One of the teenagers imprisoned for killing PC Andrew Harper should have been jailed for life, a court was told on Monday.
Henry Long, 19, was jailed for 16 years and Jessie Cole and Albert Bowers, both 18, were given 13 years for the manslaughter of the Thames Valley Police traffic officer.
Suella Braverman, the attorney general for England, told the Court of Appeal the jail terms are “unduly lenient”.
PC Harper, 28, was dragged for more than a mile down a country road behind a car driven by Long, who was fleeing the scene of a quad bike theft.
The officer was caught in a strap attached to the vehicle’s rear, and suffered catastrophic injuries. He died at the scene, near Sulhamstead, Berkshire, on 15 August, 2019.
All three teenagers were cleared of PC Harper’s murder. Long admitted manslaughter and Cole and Bowers were convicted of manslaughter after a trial.
The sentences they received led to outcry, including from PC Harper’s widow Lissie.
On Monday, Braverman told the Court of Appeal of Long’s jail term: “A life sentence was the appropriate sentence for the first offender, who was and remains dangerous… if not in a case such as this, then when?”
She told Dame Victoria Sharp, Lord Justice Holroyde and Justice William Davis that Long’s offence was “as serious a case of manslaughter as it is possible to envisage”.
She said the sentencing judge “accorded too great a reduction” to Bowers’ and Coles’ sentences because of “their age and learning difficulties”.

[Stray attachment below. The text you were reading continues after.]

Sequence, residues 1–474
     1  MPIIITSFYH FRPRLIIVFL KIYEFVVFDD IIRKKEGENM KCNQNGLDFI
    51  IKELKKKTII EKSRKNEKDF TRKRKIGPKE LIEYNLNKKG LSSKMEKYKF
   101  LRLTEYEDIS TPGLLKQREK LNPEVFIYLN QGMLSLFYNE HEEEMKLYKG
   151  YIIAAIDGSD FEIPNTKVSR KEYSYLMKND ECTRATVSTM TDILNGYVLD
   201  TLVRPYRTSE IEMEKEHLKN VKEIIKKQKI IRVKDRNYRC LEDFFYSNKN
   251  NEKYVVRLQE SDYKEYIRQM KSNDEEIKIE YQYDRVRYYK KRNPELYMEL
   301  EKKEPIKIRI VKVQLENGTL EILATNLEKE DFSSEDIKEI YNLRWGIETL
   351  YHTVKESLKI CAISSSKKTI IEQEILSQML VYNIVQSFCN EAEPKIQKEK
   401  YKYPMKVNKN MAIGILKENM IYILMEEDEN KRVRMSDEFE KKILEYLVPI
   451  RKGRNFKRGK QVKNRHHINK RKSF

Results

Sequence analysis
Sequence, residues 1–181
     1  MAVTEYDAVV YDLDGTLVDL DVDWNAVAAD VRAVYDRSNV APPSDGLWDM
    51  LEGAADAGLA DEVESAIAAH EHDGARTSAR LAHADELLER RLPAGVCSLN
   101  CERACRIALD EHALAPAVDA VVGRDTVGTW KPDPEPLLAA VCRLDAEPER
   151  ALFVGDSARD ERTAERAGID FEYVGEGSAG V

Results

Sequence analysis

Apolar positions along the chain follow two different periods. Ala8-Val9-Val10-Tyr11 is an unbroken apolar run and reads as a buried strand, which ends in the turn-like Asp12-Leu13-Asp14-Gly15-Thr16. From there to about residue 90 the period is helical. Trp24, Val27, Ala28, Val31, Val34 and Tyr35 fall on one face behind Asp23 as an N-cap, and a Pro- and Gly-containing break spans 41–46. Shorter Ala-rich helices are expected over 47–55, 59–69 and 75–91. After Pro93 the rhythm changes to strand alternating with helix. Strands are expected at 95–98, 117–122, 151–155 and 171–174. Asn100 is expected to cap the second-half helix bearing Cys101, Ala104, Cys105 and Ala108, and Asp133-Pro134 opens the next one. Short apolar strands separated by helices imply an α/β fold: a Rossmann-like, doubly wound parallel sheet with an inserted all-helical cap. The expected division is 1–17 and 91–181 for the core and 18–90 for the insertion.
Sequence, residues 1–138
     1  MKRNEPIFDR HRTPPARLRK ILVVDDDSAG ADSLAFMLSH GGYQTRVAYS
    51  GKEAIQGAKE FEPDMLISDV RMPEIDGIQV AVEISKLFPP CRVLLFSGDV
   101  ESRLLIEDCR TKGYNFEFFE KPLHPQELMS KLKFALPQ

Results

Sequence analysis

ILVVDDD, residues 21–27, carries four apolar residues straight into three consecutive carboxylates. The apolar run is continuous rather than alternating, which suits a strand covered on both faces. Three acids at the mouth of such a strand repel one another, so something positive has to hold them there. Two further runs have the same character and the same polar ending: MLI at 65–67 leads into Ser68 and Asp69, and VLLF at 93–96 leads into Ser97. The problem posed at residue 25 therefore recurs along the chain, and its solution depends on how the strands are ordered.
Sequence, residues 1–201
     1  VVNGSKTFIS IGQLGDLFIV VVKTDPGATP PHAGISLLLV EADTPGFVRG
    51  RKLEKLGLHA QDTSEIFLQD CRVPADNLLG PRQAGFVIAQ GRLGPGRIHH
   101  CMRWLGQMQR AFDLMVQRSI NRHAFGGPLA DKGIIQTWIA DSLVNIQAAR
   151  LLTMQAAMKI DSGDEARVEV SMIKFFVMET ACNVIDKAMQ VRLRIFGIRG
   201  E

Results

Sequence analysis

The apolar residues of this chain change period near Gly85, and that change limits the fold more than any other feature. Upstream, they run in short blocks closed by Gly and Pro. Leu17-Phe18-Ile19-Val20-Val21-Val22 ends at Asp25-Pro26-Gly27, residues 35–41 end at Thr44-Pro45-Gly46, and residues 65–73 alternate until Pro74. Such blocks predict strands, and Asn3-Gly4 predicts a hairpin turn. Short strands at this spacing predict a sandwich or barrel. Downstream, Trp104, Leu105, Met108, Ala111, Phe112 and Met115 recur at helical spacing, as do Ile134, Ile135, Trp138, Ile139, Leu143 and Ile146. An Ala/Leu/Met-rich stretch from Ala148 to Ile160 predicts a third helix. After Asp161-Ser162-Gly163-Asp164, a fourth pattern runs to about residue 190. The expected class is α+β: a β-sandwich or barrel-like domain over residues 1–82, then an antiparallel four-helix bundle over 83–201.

In writing, Braverman said: “These are sentences that have caused and continue to cause widespread public concern.
“It appears to me that the sentences passed on the offenders were unduly lenient.”
Rossano Scamardella QC, for Long, said Braverman’s remarks about “widespread public concern” should have “no influence on the issue of whether this sentence ought to be adjusted one way or the other”.
“Widespread public concern is not necessarily an indicator that something has gone wrong, either with a verdict or a sentence,” he said.
Describing PC Harper’s death as a “freakish accident”, he added: “There was no intentional application of force or violence… there was no intent whatsoever to cause serious bodily harm or death.”
The three teenagers are hoping to get permission to appeal the lengths of their sentences.
Timothy Raggatt QC, for Bowers, said: “The idea that these sentences could be described as unduly lenient… is, to be blunt, far-fetched in the extreme.”
The court will decide if the sentences are too lenient at a later date.
Lissie Harper said on Monday that she was proud to fight against something she saw as “unacceptable” and added: “Reaching a step closer to a fair outcome is something that I have strived towards for a long time.
“We have all hoped and prayed that our beloved boy’s death will not go improperly unpunished.
“So, we continue with our agonising battle for justice, a journey that we have had to endure for too long.”
Watch: Lissie Harper meets Priti Patel
During the previous trial, the teenagers’ defence said the officer’s death was a “freak event” that could not have been foreseen, while the prosecution said they should have realised he was being dragged behind them.
A petition calling for the sentences to be overturned due to their leniency has reached more than 400,000 backers, while Lissie Harper has campaigned for life sentences for those who kill emergency workers.